ANKORS East Kootenay held a march in Cranbrook on Monday, August 31 for Overdose Awareness Day. They marched from the Cranbrook ANKORS location to City Hall, where there was a peaceful protest out front. (Corey Bullock/Cranbrook Townsman file)

ANKORS East Kootenay held a march in Cranbrook on Monday, August 31 for Overdose Awareness Day. They marched from the Cranbrook ANKORS location to City Hall, where there was a peaceful protest out front. (Corey Bullock/Cranbrook Townsman file)

ANKORS East Kootenay held a march in Cranbrook on Monday, August 31 for Overdose Awareness Day. An awareness event was held in Rotary Park. (Corey Bullock/Cranbrook Townsman file)

ANKORS East Kootenay held a march in Cranbrook on Monday, August 31 for Overdose Awareness Day. An awareness event was held in Rotary Park. (Corey Bullock/Cranbrook Townsman file)

ANKORS East Kootenay held a march in Cranbrook on Monday, August 31 for Overdose Awareness Day. They marched from the Cranbrook ANKORS location to City Hall, where there was a peaceful protest out front. (Corey Bullock/Cranbrook Townsman file)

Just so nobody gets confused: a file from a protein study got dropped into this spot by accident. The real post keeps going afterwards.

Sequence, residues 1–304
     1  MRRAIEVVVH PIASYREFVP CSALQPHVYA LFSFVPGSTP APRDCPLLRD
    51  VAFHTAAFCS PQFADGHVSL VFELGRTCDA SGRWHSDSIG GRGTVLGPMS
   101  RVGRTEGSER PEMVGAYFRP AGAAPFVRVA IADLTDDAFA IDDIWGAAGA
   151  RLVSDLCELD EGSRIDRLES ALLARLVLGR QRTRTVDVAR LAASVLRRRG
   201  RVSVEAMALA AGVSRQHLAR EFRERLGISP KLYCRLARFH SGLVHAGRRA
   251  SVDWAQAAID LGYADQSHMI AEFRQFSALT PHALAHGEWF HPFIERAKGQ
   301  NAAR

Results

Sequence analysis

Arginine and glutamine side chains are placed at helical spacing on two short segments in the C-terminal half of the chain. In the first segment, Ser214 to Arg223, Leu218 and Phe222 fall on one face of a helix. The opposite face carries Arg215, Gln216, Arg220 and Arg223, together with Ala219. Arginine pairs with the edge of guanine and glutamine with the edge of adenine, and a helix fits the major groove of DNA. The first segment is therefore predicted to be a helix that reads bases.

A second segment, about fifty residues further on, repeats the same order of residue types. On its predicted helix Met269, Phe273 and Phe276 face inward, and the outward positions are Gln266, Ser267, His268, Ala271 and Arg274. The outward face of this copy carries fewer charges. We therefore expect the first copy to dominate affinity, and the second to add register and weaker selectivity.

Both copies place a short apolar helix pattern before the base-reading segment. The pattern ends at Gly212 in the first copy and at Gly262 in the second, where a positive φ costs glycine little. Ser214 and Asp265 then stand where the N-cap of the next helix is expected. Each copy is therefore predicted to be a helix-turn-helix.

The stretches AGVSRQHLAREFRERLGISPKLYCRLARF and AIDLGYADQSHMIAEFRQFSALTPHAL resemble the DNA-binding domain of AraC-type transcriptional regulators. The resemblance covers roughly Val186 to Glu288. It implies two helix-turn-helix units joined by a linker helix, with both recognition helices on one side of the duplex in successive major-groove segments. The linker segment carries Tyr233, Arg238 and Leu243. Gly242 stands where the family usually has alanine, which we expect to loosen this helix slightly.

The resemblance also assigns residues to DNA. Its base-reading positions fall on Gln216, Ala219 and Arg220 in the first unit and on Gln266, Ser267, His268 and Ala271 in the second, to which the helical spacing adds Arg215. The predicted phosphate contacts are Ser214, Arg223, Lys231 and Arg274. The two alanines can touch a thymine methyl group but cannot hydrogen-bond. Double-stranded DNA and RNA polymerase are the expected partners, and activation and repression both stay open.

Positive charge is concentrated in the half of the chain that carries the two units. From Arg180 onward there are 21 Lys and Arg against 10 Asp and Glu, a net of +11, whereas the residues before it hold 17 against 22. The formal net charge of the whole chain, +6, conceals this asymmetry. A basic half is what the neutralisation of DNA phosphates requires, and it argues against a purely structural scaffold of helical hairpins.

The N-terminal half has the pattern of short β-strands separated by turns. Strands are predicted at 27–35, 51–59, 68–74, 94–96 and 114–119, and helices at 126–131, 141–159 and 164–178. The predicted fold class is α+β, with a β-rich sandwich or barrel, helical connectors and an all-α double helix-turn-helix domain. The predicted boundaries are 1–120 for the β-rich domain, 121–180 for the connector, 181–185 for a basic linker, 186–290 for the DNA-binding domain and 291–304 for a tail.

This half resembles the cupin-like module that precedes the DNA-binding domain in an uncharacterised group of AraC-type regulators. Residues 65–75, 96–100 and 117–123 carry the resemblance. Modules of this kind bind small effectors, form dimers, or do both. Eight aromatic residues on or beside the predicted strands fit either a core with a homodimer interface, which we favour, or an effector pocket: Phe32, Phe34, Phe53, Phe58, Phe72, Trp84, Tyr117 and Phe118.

ANKORS East Kootenay held a march in Cranbrook on Monday, August 31 for Overdose Awareness Day. They marched from the Cranbrook ANKORS location to City Hall, where there was a peaceful protest out front. (Corey Bullock/Cranbrook Townsman file)

A sign from the ANKORS Overdose Awareness Day event can be seen in Cranbrook’s Rotary Park. This sign represents the overdoses that occurred in May in BC. (Corey Bullock/Cranbrook Townsman file)

A sign from the ANKORS Overdose Awareness Day event can be seen in Cranbrook’s Rotary Park. This sign represents the overdoses that occurred in May in BC. (Corey Bullock/Cranbrook Townsman file)

A sign from the ANKORS Overdose Awareness Day event can be seen in Cranbrook’s Rotary Park. This sign represents the demands for government from ANKORS and other support agencies. (Corey Bullock/Cranbrook Townsman file)

A sign from the ANKORS Overdose Awareness Day event can be seen in Cranbrook’s Rotary Park. This sign represents the demands for government from ANKORS and other support agencies. (Corey Bullock/Cranbrook Townsman file)